Tuesday, July 22, 2008


What good is a nice car if it sounds like your 4 years old nephew is beating on your kitchenware?

this exhaust was a 6 years old nephew: just as annoying as the 4 years old, but with a much increased decibel output

I had them replaced with a pair of Flowmaster Series 40.

I unfortunately couldn't do it myself: not only do I not have the tools required, I have even less clue as to how to even start doing that. Instead, my neighbour Paul did it while i watched him squirm under the beast. A learning experience, maybe next time i will be the one crawling under.

Saturday, July 19, 2008


Let's face it, it's dirty. i don't think it has been thoroughly cleaned since the first owner drove it off the lot in 1986.

the interior is faded in a lot of place. the seats in particular and carpet. the top's interior needs to be redone entirely. it's called a headliner if you didn't know, and i sure didn't

i started my work on the trunk first and i didn't think to take pictures before so you can't see the the grime that was there, a caked mixture of dirt and oil. armed with an engine degreaser and a roll of shop paper towels (the blue ones), i tried to get off all the oily stuff that was coating everything. i tried various ways to get the cakes off. papers towels, toothbrush, soap.

in the end, i figured i'd try a scotch-brite plastic "steel" wool pad, the kind you use to clean non-stick cookware . it worked, everything is going so much faster now. i'd already seen someone mention the scotch-brite pads on the hotrodders.com forums, but i didn't register exactly what they meant until i opened the box under my kitchen sink... Doh! as Homer would say

A month's wait...

When I purchased the Grand Prix, it was with the full understanding that it wasn't in working order: the transmission was sticking in first gear. Fortunately the seller had already inquired for a new one and was going to pick it up himself and install it for me...

It took him a month, and it was unfortunately broken and didn't even fit in the car

this is the "new" one

and the "old"
the round piece that isn't in the second picture is called a torque converter. It serves the same purpose as a clutch, but for an automatic transmission. Mine has "stall speed" of 3000 RPM, that is the speed at which the highest amount 0f torque is delivered to the wheel.

I ended up paying to have the broken one rebuilt. A worthy investment.

Friday, July 18, 2008

First Look

The Car, as first presented to me


First off a bit about my background.

I like to say that I'm a server and network babysitter, working as a system administrator for an internet service provider. my usual interests are definitely in the area of the brain: computers, video games, books. As a younger lad i dabbled in cabin building, electricity, electronics and chemistry, admittedly on a very low level. My father is a mechanical engineer but never much helped me in my hands-on projects.

you could say that i was about as far as you can get from a "car guy", and in fact until recently had absolutely no interests in cars beside as means of getting from point A to B. What can i say, everyone is always talking about souping up their civics, accords, and other ugly japanese trashboxes or japanese-inspired american pancakes. You hardly ever see a classic car, or any other kind of full metal hot rods: plastics plastics plastics, it's what it's all about. And frankly, plastics are ugly as hell.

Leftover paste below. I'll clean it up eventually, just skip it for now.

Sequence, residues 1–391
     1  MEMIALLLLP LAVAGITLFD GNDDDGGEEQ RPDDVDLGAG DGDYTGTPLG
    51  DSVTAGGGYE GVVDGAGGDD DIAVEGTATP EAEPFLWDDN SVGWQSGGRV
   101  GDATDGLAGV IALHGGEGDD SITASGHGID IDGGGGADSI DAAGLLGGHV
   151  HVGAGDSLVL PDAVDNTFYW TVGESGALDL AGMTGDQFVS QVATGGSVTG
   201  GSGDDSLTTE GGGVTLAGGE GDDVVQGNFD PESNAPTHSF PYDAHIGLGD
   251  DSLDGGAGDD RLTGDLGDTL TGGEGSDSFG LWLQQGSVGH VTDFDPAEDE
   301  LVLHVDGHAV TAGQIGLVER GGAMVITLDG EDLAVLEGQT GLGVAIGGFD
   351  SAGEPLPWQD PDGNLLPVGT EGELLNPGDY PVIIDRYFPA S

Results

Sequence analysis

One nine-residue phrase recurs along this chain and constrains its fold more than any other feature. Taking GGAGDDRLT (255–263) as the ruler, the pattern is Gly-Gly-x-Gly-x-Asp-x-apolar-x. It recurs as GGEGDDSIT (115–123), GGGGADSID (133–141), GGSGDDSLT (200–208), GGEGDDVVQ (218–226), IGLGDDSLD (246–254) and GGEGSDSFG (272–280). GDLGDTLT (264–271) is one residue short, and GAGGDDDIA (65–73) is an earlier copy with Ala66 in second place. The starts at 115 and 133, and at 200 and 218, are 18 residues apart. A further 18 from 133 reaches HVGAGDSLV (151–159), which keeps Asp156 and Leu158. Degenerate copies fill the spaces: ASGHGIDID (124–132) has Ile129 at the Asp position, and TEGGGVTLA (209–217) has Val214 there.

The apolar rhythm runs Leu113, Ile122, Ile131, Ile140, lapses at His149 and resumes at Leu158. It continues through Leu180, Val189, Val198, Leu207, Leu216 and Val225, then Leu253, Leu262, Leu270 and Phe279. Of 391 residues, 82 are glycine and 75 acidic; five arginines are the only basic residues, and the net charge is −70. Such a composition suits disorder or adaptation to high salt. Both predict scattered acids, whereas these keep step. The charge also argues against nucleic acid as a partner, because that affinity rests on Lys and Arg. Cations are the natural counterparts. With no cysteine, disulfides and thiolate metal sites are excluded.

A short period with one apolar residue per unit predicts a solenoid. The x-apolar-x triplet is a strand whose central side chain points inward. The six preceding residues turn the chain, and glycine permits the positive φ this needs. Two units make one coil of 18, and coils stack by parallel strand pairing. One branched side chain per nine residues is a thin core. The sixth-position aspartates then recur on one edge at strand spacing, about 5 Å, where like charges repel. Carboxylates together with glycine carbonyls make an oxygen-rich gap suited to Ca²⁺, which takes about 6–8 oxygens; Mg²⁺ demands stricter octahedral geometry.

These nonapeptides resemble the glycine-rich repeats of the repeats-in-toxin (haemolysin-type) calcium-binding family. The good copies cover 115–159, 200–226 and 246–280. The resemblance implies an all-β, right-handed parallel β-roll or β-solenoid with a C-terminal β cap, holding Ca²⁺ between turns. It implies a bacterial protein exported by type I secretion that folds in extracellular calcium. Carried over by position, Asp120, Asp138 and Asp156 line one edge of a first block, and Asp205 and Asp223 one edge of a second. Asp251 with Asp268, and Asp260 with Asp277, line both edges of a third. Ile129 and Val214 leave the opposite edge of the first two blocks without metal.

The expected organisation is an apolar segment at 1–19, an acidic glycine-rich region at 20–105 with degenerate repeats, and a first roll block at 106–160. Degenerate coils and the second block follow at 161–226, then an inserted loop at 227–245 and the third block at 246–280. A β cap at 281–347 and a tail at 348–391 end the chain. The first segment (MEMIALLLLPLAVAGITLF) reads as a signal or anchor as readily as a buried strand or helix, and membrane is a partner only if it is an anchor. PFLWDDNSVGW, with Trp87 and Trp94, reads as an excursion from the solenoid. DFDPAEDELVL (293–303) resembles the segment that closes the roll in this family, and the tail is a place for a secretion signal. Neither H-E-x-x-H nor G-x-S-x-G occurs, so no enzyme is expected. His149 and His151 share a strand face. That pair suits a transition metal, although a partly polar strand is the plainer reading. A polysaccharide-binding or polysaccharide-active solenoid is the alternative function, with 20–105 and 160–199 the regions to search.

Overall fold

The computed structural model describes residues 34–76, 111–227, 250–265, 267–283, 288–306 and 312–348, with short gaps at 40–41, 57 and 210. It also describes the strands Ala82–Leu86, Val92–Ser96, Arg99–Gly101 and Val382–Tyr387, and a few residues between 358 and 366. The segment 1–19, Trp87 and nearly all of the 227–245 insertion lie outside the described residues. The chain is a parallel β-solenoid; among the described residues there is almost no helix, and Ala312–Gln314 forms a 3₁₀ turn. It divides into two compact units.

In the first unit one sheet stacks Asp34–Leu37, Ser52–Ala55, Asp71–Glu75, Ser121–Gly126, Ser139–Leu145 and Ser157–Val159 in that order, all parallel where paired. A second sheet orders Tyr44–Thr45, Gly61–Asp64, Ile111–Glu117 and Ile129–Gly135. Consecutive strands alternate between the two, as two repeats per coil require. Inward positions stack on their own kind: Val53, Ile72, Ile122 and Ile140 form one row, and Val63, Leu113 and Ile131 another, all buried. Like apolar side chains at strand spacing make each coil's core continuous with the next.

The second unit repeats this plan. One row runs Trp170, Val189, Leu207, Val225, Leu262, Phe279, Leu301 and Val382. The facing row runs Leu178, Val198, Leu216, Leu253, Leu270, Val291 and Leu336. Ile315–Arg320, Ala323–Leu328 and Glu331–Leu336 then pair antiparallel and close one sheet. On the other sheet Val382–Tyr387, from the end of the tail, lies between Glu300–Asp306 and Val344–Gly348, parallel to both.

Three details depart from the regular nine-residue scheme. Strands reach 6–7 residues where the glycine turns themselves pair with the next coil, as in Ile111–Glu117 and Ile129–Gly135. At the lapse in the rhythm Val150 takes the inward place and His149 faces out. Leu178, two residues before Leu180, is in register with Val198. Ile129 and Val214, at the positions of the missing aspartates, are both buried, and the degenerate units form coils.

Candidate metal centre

Enter the '86 Grand Prix.
it's one of the last true american cruising cars, the 86 was the second to last year that still had a rear-wheel drive and a large frame. Based on GM's G-body that saw production between 1978 and 1988, it has 108 inch wheelbase (that is the length from wheel to wheel): a full 15" longer than my daily driver (a Toyota Echo 2000). Finally a car worthy of attention and at the price i couldn't pass it up.

This one has a rebuilt for performance Chevy 350 Small Block engine, up from the 305 block that comes "stock", that is when it is fresh out of the dealer lot. As i soon found out, these numbers, 350 and 305, stand for the total displacement of the piston (the amount of air/fuel that gets moved around by the metal thingies inside the motor) measured in Cubic Inches. in metric it would equate to 5.7 Liters and 5.0 Liters respectively. Hey, i did say i was a complete newbie

in short, it's a "drag race" car. it should in theory be able to do the 1/4 miles in 12 to 14 seconds: owing to it's high weight.

Now, the previous owner did modify the motor and repaint the body. it has barely any rust, something that is rather surprising for a '86. the frame is sound and the engine loud, as any self-respecting hot rod, but the interior and overall "look" is lacking: it's a 86, and it shows.

this blog is where i will be documenting my progress, or if you prefer, stumbling, of disassembling, cleaning, painting, and reinstalling everything. there is still some work to do on the engine, this will be here too when i get to it.

on with the show... and thanks {Deity} for Google